In a March, 2003 article in Change Magazine, George Kuh gives us the scorecard on which to evaluate our CMS implementations. He describes an implicit learning contract between faculty and student that too often exists. It is: [Faculty]: "I agree to organize content reasonably and make moderate demands on your time." [Student]: "I agree to commit adequate response and reflection for receipt of an acceptable grade." [Question]: "Can we use course management system features to break this implicit contract and deliver deeper learning?"

Michael Miller, director of the Arts and Engineering Libraries at the University of Michigan, describes universities as buckets within buckets. The IT bucket holds thousands of students in a CMS, but has its value in the university bucket - teaching and learning. If we spend our time banging around only in the IT bucket, we will be heard as a cost center rather than a value center in a fiscal environment that continues to tighten. And, paradoxically, in spite of a successful CMS implementation, financial concerns that reduce faculty support or increase class sizes could combine to weaken the overall learning environment.

The bottom line for course management systems is that like all lines, it is made up of a number of points. Each point is a dot on the learning landscape. Too often we only see those dots when massive numbers squeeze shoulder-to-shoulder and lose their individuality. Yet to each of those tens of thousands of students in our CMS, the point is their individual learning. And that is the message we need to carry forward with our university administration. CMS should be presented as a learning value proposition, not as a managerial efficiency argument. Each of us must learn at least one good story of a single student's marvelous learning tied to CMS. Only from within this inverted context do the large numbers used to describe successful CMS implementations really matter.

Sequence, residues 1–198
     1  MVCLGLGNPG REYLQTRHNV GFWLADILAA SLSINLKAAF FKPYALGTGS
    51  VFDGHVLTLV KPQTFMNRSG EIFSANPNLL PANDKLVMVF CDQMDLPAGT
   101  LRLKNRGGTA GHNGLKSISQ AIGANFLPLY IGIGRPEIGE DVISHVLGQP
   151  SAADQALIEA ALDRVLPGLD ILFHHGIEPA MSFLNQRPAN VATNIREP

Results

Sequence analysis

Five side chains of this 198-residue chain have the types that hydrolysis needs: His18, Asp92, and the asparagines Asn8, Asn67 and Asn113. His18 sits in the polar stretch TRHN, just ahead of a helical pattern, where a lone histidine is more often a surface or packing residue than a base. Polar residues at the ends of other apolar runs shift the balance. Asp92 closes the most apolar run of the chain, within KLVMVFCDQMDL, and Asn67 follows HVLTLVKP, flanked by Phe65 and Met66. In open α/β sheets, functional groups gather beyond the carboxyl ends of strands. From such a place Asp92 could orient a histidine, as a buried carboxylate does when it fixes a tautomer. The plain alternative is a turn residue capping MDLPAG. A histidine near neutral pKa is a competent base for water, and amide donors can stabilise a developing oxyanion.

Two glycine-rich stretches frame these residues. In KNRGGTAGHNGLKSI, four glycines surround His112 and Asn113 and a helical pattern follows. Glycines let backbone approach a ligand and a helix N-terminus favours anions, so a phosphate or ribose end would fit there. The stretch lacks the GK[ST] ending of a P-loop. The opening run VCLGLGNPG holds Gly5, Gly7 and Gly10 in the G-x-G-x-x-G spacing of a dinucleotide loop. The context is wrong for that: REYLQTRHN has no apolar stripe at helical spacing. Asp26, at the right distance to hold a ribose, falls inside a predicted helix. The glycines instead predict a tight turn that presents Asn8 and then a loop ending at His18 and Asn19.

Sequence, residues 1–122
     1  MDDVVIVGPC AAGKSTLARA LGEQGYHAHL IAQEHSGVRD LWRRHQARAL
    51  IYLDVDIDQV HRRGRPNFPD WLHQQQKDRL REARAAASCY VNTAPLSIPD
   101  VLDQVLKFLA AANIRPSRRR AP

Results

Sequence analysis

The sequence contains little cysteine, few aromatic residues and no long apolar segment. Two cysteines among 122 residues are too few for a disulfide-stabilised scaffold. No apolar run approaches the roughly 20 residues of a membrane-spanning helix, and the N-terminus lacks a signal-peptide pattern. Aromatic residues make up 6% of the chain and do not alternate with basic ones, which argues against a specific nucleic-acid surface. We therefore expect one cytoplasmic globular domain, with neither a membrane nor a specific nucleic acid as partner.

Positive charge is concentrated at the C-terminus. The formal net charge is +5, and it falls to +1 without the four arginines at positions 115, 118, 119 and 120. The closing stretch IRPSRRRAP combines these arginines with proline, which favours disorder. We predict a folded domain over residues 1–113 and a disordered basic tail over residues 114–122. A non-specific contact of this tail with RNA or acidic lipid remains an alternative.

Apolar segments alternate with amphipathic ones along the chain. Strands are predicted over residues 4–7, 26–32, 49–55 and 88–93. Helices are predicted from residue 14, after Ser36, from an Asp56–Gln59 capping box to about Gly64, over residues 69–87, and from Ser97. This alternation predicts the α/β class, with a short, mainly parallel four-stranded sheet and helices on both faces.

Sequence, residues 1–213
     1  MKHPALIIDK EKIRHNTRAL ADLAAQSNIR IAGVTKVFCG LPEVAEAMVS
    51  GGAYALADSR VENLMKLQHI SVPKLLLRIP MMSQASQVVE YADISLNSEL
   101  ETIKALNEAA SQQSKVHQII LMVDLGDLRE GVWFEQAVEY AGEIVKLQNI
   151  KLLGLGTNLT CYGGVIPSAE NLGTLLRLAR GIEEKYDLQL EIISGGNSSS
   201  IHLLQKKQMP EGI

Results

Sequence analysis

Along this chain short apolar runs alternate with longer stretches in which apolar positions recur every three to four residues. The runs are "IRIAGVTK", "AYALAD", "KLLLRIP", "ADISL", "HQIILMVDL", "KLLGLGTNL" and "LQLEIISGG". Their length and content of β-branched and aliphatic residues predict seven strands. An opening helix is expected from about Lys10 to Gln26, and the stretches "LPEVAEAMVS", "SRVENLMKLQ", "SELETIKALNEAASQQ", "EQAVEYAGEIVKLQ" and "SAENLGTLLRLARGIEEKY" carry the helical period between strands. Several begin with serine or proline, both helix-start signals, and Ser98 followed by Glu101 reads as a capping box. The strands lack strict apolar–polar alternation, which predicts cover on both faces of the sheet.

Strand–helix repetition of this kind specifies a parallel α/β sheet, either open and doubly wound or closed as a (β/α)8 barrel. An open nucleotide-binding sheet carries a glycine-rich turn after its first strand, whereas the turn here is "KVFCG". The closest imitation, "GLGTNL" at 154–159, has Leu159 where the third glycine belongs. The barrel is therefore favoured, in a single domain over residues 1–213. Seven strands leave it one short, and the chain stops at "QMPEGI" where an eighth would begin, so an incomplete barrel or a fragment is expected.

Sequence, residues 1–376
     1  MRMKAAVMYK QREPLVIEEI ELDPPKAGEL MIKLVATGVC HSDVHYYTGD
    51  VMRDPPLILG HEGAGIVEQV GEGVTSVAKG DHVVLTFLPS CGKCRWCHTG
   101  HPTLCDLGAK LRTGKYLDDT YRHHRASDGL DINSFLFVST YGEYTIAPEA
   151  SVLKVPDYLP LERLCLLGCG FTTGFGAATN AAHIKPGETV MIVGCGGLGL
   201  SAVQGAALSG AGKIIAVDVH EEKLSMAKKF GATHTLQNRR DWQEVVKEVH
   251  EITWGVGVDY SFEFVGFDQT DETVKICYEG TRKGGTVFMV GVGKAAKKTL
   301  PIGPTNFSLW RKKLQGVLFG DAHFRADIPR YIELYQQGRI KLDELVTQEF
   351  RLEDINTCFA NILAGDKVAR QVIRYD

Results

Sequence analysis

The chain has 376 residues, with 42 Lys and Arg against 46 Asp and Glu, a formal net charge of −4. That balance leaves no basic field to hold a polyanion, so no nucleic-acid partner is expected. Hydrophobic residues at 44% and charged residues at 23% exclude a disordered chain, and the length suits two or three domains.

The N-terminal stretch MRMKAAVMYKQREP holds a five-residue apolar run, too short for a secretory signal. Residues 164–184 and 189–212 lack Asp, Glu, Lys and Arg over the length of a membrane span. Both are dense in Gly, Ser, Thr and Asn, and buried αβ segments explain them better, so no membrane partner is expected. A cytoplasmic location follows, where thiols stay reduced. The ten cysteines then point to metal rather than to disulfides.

One good story from Ohio State University: Merry Merrifield, Professor of Education, teaches Multicultural Education to future P-12 teachers online. Learning scenarios with cultural overtones are presented in discussion lists for the class. A cadre of graduate students from Africa, Latin America, and Asia reflect on the student postings. Like a good classroom-based course, Merry's dilemma is how to end the online debates once the students engage. Each of these students offers an answer to Kuh's challenge, and carries the argument for million-dollar course management systems.

Kuh, G. (March, April 2003). "What we're learning about student engagement from NSSE," Change Magazine, 24-32.